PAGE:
A Record Number of Women Are Enrolled in Top Business Schools, But Men Still Dominate MBA Programs
Top universities have enrolled a record number of female students MBA ProgramsIn 2021, after an entire year where the pandemic displaced hundreds of thousand of people Women out of the workforceProgress has slowed to achieve gender parity at business schools.
Women account for 41% of students in full-time MBA programs at the 56 member schools of the Forté Foundation, a nonprofit that advocates for women’s access to business education and released the new enrollment figures on Friday. That figure, an increase from 39% in 2020, is the highest female enrollment rate in the 20 years since Forté was founded.
The uptick matters, advocates say, because graduating from such programs can propel women’s careers and lead to more leadership opportunities in the workforce.
“The reason that this particular pipeline is really important is because of where it leads, and how quickly and how much of an opportunity there is for women to be in those leadership roles,” says Forté Foundation CEO Elissa Sangster. “We want to make sure that those pathways are wide open for women.”
About two-thirds of the foundation’s member schools said there was an increase in the percentage of women who enrolled this year.
Learn more My Life was Made by Women-Owned Business. It turns out that men still run everything
And 10 of the schools reported women’s enrollment had reached 45% or more this year, including three — the George Washington School of Business, the Wharton School at the University of Pennsylvania and the Johns Hopkins Carey Business School — that enrolled more than 50% women, according to the Forté Foundation. The foundation found that no school had more than 45% women in their enrollment 10 years ago.
Sangster claims that the group aims to achieve gender parity by 2030 in MBA programs. However, even if this happens, it is still a far cry from translating the information to the workplace. Women make up Just 8.2% Fortune 500 CEOsMany women were forced out of work by the pandemic, which further limited their chances of reaching leadership roles. It was July women’s labor force participation rateThis was still 3% less than pre-pandemic.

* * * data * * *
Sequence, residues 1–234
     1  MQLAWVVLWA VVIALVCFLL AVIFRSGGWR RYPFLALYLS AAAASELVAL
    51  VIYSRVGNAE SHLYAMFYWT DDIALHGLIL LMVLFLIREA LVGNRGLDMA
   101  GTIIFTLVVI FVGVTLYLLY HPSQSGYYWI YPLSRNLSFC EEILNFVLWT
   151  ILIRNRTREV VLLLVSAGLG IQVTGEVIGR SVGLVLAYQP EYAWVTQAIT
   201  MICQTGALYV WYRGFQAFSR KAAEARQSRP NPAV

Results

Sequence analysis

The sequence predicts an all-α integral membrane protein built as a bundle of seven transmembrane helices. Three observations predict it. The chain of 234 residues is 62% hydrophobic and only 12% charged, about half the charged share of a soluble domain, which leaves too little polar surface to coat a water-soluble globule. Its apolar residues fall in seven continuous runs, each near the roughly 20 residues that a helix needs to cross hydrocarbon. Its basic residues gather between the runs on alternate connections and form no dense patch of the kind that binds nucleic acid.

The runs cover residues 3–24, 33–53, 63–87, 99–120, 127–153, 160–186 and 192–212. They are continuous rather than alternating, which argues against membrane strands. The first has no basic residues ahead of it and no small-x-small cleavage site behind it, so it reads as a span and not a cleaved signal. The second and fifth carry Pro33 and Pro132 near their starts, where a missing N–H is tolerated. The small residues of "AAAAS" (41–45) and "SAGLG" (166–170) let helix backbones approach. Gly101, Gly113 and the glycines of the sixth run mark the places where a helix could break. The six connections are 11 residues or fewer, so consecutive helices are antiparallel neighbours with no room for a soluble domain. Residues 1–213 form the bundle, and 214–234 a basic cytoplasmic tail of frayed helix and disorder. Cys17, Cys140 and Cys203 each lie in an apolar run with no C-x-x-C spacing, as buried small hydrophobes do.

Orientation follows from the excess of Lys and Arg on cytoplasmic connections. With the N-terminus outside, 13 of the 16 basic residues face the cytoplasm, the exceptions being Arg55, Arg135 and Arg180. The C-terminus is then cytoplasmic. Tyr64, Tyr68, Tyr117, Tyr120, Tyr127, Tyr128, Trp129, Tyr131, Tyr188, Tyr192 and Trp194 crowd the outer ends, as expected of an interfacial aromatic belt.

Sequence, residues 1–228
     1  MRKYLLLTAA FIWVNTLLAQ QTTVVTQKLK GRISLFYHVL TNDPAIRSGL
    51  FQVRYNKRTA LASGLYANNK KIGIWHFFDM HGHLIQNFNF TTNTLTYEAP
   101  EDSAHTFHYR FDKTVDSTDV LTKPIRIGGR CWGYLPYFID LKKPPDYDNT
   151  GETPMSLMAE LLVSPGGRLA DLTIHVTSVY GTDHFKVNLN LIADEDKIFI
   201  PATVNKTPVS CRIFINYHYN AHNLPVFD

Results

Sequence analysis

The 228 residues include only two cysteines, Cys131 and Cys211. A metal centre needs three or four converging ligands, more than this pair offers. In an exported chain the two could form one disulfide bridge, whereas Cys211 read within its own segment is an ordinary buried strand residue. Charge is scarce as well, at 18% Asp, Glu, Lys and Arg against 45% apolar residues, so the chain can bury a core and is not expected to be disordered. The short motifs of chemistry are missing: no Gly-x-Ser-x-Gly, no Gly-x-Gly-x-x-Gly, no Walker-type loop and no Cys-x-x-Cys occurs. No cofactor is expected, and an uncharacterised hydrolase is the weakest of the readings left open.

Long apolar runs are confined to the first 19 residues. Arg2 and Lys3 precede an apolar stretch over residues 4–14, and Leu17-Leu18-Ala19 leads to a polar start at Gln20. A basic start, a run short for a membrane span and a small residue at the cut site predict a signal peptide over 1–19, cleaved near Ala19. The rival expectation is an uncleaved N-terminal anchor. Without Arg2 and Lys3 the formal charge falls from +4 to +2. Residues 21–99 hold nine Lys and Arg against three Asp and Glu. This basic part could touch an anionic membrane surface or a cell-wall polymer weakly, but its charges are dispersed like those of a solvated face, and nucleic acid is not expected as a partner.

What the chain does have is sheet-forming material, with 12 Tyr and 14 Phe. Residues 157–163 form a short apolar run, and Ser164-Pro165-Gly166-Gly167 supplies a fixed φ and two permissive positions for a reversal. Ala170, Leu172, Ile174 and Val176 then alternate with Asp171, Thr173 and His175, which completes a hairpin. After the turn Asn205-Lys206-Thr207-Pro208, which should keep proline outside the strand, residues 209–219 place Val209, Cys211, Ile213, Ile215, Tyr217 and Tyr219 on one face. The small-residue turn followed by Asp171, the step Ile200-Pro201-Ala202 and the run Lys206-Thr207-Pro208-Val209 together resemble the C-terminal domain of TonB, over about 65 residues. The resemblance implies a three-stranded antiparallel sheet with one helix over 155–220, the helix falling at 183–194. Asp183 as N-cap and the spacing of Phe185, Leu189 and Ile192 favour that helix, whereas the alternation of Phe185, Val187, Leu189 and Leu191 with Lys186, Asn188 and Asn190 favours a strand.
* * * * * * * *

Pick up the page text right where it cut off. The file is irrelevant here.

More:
The percentage of women in leading MBA programs has inched upward in the last decade, from 31.8% in 2011 to 41.2% today, according to Forté data. In the 2018-19 school year, women earned 48% of business master’s degrees, According to the National Center for Education Statistics. Forte’s goal is to see an equal number of men and women enrolled in MBA programs in the next decade at its member schools, which include Harvard Business School and the Stanford Graduate School of Business in the U.S. and the London Business School and the IESE Business School in Europe.
Learn more Women Are Exiting the Labor Force en Masse, and That’s Bad for Everyone
“I think that it really is about building that pipeline,” Sangster says. That includes educating women about MBA programs when they’re still in college, encouraging them to pursue male-dominated majors such as finance, providing resources to help as they apply to graduate school and getting companies to invest in their professional development.
It’s common for enrollment to rise during an economic downturn, as people who are unemployed return to school to gain new skills. But many women weren’t simply laid off, but were forced to suspend their careers to care for aging relatives or for children suddenly learning at home.
This has led to calls for federal government. pass legislationThis would. Child care should be more accessibleIt is. Sangster believes that it is also incumbent upon companies to try to reverse the trend.
“What are you going to do to re-engage them or to identify other people that can become a part of your leadership pipeline?” she says. “Companies need to be thinking about that, or they are going to find themselves without the talent they want.”